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Early access to super ‘a last resort’, says industry body

Bernie Dean
Adrian Flores
24 March 2020 — 1 minute read

An industry body believes that members seeking to access their superannuation early should do so “with extreme caution and only as a last resort”.

The government recently announced individuals in financial stress as a result of COVID-19 will be allowed to access up to $10,000 of their superannuation in 2019–20 and a further $10,000 in 2020–21.

They will be able to apply online through myGov for access of up to $10,000 of their superannuation before 1 July 2020, and will also be able to access up to a further $10,000 from 1 July 2020 for another three months.


However, Industry Super Australia said the scheme has the potential to increase the administrative burden on funds, and co-ordination with the government and the Australian Taxation Office will be vital to ensure it operates efficiently.

It also noted that the last thing anyone wants is for stressed members to face prolonged delays for access to their super due to administrative bottlenecks. 

“For some members, their short-term financial survival might rely on the ability to access the up to $20,000 from super that the scheme allows,” ISA said.

“But accessing superannuation early should be approached with extreme caution and only as a last resort.”

ISA said its analysis shows that a 20-year-old who accesses the full $20,000 available under the scheme could lose more than $120,000 from their retirement balance; a 30-year-old who accesses $20,000 from super now could lose about $100,000 when they hit retirement; and a 40-year-old could lose more than $63,000.

It also said that the government has provided a significant program of wage stimulus measures, including increasing welfare support payments, which members should consider exhausting before tapping into their super.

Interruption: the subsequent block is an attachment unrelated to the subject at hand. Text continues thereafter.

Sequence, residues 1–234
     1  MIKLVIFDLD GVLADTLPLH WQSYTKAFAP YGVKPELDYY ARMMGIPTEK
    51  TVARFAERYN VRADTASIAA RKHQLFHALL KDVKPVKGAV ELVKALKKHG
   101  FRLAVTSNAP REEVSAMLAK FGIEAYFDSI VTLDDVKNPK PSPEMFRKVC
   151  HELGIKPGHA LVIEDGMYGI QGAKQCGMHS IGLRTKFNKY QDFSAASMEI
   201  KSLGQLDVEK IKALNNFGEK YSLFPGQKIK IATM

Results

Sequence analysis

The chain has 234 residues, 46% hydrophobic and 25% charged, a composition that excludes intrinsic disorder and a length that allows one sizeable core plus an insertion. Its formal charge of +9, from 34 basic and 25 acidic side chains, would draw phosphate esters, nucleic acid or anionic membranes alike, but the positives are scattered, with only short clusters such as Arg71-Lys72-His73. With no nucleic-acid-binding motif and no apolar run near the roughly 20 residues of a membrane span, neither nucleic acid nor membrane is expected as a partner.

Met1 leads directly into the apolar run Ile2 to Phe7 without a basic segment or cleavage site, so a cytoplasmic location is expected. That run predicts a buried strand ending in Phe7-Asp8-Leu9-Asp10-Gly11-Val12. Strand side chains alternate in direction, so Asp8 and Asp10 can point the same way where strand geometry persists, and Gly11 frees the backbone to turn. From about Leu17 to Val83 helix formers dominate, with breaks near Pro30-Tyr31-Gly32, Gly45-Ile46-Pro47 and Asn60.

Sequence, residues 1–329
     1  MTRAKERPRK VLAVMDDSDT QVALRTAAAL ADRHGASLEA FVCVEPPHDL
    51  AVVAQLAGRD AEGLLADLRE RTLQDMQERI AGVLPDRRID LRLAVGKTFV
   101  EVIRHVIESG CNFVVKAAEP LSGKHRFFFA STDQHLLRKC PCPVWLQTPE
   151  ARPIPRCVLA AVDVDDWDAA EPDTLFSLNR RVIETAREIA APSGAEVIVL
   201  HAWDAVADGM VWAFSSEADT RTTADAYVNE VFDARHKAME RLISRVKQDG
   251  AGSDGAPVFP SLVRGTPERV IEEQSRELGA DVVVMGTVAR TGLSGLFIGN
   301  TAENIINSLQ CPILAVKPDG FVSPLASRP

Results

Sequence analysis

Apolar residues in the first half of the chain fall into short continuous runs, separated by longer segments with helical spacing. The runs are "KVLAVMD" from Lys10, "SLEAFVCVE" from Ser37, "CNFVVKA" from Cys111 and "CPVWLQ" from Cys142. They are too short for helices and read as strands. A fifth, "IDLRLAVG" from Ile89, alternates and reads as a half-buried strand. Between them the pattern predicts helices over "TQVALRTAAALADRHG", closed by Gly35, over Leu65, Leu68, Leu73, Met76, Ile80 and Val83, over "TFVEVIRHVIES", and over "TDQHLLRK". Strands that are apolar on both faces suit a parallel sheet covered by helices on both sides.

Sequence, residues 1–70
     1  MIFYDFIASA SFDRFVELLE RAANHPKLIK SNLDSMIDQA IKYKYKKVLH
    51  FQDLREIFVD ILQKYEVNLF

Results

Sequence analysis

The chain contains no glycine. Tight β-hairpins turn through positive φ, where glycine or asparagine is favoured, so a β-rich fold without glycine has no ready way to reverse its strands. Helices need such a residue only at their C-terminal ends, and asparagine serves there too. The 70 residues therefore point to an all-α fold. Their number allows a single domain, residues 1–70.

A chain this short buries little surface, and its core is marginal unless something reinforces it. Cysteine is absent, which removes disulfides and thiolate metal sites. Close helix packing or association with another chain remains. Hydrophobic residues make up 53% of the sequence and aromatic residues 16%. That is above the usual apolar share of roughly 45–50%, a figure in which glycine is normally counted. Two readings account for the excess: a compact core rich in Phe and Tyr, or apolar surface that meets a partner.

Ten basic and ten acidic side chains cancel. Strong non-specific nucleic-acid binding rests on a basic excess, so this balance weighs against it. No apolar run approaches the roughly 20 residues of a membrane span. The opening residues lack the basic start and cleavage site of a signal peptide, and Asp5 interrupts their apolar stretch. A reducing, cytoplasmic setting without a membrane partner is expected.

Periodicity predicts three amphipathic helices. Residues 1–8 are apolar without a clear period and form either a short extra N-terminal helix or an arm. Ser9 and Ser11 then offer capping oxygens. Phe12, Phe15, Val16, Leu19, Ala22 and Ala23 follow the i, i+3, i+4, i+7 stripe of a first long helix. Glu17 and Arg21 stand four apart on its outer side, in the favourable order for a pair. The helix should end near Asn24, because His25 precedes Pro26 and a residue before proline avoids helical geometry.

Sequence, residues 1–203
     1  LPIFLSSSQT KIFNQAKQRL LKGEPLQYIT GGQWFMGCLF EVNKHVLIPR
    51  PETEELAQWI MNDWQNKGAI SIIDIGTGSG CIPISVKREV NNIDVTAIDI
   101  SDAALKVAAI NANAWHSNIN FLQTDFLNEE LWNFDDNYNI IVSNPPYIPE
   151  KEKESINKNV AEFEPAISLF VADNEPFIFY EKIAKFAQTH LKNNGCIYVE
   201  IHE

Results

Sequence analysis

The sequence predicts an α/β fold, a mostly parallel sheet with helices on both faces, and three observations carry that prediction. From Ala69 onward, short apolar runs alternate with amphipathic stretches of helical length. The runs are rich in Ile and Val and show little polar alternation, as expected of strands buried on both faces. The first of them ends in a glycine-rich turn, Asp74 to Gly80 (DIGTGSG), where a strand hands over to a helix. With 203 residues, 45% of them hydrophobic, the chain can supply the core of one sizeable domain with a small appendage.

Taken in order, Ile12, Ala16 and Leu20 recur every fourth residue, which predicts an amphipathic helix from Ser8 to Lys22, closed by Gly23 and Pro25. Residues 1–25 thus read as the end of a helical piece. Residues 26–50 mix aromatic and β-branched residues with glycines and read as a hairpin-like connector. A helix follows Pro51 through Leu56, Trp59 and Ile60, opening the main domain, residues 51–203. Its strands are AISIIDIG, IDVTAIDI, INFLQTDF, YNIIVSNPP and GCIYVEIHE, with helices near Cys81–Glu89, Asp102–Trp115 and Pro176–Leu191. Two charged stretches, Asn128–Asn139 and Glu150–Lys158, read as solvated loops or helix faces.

Industry Super Australia chief executive Bernie Dean said some members will have lost their jobs or had their hours dramatically reduced.

“Members should tread carefully and only think about cracking open their super after they’ve taken up the extra cash support on offer from the government — super should be the last resort, given the impact it can have on your retirement nest egg,” Mr Dean said.

“Members need to know that taking your super now is like selling a house at the bottom of the market — you’ll lose money you would probably claw back overtime.”

Adrian Flores

Adrian Flores

Adrian Flores is the deputy editor of SMSF Adviser. Before that, he was the features editor for ifa (Independent Financial Adviser), InvestorDaily, Risk Adviser, Fintech Business and Adviser Innovation.

You can email Adrian at This email address is being protected from spambots. You need JavaScript enabled to view it..

Early access to super ‘a last resort’, says industry body
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